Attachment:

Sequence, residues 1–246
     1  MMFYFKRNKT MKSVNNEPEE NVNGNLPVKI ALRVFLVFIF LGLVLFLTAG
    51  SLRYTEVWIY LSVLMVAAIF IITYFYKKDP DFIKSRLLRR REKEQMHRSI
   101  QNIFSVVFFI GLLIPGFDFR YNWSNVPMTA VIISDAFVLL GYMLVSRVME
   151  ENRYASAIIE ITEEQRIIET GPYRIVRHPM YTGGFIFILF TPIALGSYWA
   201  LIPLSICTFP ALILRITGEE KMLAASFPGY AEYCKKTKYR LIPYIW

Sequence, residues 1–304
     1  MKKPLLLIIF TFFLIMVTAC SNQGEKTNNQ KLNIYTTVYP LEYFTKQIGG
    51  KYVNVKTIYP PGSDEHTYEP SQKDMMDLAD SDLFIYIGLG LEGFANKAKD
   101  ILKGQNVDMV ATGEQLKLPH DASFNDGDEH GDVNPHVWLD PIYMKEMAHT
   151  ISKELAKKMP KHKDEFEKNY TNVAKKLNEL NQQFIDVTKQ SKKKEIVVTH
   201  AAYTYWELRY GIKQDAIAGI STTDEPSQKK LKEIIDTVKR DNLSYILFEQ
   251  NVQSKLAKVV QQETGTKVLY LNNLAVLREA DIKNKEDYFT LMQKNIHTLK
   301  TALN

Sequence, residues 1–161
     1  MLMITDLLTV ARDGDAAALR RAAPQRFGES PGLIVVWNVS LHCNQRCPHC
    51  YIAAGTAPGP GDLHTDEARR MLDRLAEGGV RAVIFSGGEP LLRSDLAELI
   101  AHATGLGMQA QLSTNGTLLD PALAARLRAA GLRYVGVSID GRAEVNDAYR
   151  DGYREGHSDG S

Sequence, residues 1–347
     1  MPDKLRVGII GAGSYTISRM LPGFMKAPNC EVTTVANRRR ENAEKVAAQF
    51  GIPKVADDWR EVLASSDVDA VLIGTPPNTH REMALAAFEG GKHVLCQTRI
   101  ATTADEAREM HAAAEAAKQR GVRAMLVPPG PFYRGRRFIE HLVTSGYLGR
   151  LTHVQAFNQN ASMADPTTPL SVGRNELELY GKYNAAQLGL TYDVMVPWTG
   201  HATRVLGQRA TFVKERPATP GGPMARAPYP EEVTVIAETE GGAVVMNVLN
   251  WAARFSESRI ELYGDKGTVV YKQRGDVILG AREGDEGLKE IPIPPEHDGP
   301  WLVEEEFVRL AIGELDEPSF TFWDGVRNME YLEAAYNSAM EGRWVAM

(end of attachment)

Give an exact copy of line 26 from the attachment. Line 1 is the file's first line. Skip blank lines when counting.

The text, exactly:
   251  WAARFSESRI ELYGDKGTVV YKQRGDVILG AREGDEGLKE IPIPPEHDGP